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But different writers present different images and ideas. The Synoptic Gospels (in spite of their many differences) introduce several important ideas, two of which are related to Greco-Judaic notions of knowledge/gnosis by virtue of being mental acts: purity of heart, in which we will to see in God’s light; and repentance, which involves allowing God to judge and then transform us. Another key idea presented by the Synoptics is the desert, which is used as a metaphor for the place where we meet God in the poverty of our spirit.

The Gospel of John focuses on God’s glory in his use of light imagery and in his presentation of the Cross as a moment of exaltation; he also sees the Cross as the example of agape love, a love which is not so much an emotion as a willingness to serve and care for others. But in stressing love, John shifts the goal of spiritual growth away from knowledge/gnosis, which he presents more in terms of Stoic ideas about the role of reason as being the underlying principle of the universe and as the spiritual principle within all people. Although John does not follow up on the Stoic notion that this principle makes union with the divine possible for humanity, it is an idea that later Christian writers develop. Later generations will also shift back and forth between whether to follow the Synoptics in stressing knowledge or John in stressing love.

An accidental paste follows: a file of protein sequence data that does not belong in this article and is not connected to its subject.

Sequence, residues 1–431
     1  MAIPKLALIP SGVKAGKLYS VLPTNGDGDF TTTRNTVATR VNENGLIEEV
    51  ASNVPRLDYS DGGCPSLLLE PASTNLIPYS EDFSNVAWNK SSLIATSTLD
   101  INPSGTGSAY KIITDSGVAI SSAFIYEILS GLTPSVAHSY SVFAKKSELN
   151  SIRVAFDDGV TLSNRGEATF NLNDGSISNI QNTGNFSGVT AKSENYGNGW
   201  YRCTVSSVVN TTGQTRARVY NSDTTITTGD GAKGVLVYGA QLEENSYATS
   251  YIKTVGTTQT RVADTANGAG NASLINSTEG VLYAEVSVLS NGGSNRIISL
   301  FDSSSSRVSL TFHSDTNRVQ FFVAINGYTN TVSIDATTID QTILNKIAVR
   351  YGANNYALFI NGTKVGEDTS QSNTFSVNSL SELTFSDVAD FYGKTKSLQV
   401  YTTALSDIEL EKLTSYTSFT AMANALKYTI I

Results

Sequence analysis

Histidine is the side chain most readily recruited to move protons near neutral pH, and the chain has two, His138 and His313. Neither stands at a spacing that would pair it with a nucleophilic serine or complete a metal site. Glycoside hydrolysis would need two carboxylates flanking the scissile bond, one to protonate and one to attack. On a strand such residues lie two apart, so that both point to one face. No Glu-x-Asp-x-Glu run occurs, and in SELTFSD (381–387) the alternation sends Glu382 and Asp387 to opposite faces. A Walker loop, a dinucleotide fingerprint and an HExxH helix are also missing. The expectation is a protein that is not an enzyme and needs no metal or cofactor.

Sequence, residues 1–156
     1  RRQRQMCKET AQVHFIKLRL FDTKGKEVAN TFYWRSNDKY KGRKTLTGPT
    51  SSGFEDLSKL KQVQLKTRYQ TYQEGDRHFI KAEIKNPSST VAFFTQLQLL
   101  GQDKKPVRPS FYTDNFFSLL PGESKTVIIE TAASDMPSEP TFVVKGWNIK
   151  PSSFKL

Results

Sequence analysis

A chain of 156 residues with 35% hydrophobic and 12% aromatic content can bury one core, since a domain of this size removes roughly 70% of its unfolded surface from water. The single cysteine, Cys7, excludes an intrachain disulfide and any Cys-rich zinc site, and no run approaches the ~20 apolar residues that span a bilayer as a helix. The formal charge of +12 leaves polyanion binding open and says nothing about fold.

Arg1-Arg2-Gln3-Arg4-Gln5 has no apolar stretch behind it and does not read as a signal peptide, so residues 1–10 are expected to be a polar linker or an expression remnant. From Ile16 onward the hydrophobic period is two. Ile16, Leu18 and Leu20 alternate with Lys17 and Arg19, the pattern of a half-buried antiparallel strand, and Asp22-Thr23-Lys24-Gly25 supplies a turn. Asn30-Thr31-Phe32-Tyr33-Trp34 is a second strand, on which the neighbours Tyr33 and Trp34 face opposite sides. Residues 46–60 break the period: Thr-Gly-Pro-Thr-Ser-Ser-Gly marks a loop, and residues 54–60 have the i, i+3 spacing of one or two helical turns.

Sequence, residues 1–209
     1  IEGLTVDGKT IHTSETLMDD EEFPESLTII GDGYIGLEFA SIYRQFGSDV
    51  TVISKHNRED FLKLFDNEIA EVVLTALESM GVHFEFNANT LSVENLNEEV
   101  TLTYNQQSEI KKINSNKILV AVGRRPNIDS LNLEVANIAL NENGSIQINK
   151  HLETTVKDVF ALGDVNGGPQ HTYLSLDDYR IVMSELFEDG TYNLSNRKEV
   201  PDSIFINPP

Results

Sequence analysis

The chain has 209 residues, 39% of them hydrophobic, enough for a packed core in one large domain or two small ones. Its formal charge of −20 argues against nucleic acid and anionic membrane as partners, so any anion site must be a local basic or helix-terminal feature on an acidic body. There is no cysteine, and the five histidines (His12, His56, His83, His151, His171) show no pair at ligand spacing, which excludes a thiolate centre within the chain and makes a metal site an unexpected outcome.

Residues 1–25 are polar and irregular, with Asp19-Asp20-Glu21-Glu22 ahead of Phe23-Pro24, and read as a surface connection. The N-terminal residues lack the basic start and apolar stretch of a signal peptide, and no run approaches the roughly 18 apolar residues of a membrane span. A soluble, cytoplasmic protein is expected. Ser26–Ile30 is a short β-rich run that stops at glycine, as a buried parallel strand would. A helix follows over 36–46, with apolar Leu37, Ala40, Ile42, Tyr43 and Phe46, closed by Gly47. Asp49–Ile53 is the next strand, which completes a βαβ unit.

In his letters, Paul also focuses on mental activities, but not in the same way as the Synoptics, which equate renewing the mind with repentance. Instead, Paul sees the renewal of our minds as happening as we contemplate what Jesus did on the Cross, which then opens us to grace and to the movement of the Holy Spirit into our hearts. Like John, Paul is less interested in knowledge, preferring to emphasize the hiddenness, the “mystery” of God’s plan as revealed through Christ. But Paul’s discussion of the Cross differs from John’s in being less about how it reveals God’s glory and more about how it becomes the stumbling block that turns our minds back to God. Paul also describes the Christian life as that of an athlete, demanding practice and training for the sake of the prize; later writers will see in this image a call to ascetical practices.